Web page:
They tend to be older, industrial regions whose economies suffered over the past two decades, Mr. De Jong said. Their young people tend to move out in search of jobs. Their older people tend to stay.

Had there been an influx of new people, there would be a demand for new housing. New people in new houses would offset the concentration of old people living in old houses, said Robert Bonnette of the U.S. Census Bureau.

"The key to having high proportions of stayers is having an area that is attracting very few people," Mr. De Jong said. "Very few people are moving to Johnstown."

Surrounding townships boast gracious turn-of-the-century homes, originally built for steel company executives, and bright new developments built to provide houses for suburban families.

In old Johnstown, however, the homes tend to be two-story wooden frame houses that march up the hills from the downtown river shore.

The region has its problems. Johnstown's unemployment rate is higher than the state average and the average income is lower.

The steel industry's consolidation has meant that some residents now work at Bethlehem Steel's Sparrows Point plant during the week and go back to their long-held Johnstown homes on weekends.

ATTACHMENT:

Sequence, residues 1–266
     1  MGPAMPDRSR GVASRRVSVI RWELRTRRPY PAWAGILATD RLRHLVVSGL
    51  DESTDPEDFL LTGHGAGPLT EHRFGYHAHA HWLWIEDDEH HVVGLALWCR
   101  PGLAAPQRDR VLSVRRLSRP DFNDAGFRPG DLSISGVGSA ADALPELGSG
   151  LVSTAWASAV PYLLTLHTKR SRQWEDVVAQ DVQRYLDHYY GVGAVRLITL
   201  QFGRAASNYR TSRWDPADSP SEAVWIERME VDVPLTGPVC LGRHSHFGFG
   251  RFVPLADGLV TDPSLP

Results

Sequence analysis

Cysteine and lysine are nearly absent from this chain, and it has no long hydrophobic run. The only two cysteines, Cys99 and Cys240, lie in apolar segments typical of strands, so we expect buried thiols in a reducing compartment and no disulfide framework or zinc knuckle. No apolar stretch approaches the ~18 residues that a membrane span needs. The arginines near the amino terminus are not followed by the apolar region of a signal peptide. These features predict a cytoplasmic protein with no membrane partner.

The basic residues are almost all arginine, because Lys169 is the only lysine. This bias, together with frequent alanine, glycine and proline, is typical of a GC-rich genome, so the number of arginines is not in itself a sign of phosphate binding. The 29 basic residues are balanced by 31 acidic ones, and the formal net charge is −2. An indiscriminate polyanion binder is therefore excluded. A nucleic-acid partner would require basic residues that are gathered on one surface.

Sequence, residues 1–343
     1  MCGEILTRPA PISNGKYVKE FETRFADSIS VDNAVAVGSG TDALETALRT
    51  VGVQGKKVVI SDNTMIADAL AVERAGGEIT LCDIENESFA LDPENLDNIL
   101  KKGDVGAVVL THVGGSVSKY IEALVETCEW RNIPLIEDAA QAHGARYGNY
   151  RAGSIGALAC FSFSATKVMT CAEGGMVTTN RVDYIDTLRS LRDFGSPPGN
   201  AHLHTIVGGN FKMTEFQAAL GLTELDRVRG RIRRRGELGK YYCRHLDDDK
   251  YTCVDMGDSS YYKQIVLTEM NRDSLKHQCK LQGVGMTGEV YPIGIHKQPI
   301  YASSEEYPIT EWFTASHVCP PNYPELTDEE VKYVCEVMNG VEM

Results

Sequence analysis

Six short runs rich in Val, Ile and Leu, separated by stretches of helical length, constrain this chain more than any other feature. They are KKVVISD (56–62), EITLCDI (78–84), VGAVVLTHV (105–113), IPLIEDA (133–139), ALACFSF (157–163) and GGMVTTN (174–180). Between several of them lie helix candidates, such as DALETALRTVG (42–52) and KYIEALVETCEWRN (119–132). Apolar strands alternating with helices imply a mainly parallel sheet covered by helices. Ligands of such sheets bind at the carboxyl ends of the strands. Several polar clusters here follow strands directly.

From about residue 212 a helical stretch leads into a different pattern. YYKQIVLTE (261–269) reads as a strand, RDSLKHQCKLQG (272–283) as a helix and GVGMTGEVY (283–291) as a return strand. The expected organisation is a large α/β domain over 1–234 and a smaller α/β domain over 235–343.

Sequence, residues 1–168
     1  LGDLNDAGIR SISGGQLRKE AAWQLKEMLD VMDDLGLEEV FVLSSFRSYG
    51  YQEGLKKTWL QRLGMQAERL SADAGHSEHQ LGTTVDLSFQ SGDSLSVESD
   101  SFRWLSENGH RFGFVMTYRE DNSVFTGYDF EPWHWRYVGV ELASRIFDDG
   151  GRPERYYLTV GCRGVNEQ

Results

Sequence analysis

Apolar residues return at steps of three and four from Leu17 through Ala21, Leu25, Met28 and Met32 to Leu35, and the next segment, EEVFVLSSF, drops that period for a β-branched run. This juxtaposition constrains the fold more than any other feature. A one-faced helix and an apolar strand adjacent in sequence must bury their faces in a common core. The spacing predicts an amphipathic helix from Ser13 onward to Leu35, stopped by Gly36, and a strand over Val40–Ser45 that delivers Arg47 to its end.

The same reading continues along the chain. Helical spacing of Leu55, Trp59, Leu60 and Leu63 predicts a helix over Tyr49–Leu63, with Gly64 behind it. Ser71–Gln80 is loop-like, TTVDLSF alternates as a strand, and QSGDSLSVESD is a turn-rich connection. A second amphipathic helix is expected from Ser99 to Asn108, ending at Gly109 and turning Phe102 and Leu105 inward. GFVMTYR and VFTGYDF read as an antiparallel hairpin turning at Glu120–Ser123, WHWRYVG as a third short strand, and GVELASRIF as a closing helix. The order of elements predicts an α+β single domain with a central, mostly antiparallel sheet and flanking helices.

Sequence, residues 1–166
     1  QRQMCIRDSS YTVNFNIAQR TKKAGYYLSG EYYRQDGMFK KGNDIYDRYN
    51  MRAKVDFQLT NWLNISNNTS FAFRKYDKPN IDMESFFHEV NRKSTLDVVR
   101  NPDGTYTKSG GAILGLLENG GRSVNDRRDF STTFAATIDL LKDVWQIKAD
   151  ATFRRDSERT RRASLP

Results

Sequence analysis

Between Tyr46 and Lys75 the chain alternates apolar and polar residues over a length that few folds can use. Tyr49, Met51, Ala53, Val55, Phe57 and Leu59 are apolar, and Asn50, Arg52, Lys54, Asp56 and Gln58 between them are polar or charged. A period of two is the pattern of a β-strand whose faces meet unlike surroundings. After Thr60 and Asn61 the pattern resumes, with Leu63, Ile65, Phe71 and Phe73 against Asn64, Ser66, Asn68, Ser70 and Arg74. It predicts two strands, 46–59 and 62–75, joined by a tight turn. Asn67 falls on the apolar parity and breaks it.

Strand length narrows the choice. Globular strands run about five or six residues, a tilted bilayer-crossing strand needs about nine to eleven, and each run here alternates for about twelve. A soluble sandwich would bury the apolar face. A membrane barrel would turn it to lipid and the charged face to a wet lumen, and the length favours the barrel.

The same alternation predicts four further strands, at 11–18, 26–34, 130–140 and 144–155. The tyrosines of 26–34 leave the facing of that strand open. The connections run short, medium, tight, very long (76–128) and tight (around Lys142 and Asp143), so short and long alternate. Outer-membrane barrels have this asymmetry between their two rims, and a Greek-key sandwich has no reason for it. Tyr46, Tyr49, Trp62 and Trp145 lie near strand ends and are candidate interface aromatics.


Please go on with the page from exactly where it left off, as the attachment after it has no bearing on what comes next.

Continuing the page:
The area is shrinking as the birthrate falls and fails to attract enough new residents to balance the loss of the younger generation.

"If you look at things like quality of life, those factors would rank very high in Johnstown. What you often get in places like this is a maximization of aspects of life that revolve around community."

That's what holds John and Dorothy Gunter, who have lived in the same home in Westmont Township, high on a hillside overlooking downtown, for 29 years.

He is 76, a retired department-store executive, a former president of the Chamber of Commerce. She is 75, a former schoolteacher. "We're at a place in our lives where we could live anywhere we want," Mr. Gunter said. "But we don't want to live anyplace else."

Lengthy friendships

They were eating at the Sunnehanna Country Club, looking out on golfers playing on grounds blooming with rhododendron. Friends arrived at the next table and waved.

"You saw that man come in," Mr. Gunter said. "He and I have been friends for 40 years."

"How many?" Mrs. Gunter asked.

"Thirty?" Mr. Gunter offered.

"Fifty," she said.

He looked satisfied. "I don't care to move away from that," Mr. Gunter said.